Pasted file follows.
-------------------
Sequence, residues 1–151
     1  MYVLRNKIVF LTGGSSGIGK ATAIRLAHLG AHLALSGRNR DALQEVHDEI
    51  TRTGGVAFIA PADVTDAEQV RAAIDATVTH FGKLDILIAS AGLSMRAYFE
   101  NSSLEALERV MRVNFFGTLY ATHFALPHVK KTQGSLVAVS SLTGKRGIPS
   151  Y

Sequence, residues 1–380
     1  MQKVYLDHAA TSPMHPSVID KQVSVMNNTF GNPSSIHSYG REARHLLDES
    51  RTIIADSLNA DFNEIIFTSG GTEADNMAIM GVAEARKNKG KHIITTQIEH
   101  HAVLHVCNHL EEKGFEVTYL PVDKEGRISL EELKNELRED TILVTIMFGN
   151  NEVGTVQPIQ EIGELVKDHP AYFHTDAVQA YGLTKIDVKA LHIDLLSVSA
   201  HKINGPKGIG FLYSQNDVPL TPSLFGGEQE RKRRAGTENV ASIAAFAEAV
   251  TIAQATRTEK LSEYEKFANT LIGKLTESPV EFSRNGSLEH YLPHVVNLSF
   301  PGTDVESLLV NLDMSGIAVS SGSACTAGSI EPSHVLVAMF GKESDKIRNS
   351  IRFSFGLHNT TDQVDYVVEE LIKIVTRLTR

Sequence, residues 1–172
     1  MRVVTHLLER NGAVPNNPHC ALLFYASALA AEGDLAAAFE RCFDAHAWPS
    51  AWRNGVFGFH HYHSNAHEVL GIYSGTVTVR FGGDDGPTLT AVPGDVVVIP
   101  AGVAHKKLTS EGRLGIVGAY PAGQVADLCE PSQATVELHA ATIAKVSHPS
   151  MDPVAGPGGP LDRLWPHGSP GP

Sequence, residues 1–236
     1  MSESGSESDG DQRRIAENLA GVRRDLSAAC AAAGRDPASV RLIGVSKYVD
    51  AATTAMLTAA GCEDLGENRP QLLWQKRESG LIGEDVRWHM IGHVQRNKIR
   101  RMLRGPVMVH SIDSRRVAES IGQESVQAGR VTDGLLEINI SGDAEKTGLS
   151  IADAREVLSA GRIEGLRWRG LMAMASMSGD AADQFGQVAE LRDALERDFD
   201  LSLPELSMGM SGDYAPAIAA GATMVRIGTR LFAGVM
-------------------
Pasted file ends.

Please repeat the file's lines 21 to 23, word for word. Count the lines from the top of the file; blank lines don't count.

     1  MSESGSESDG DQRRIAENLA GVRRDLSAAC AAAGRDPASV RLIGVSKYVD
    51  AATTAMLTAA GCEDLGENRP QLLWQKRESG LIGEDVRWHM IGHVQRNKIR
   101  RMLRGPVMVH SIDSRRVAES IGQESVQAGR VTDGLLEINI SGDAEKTGLS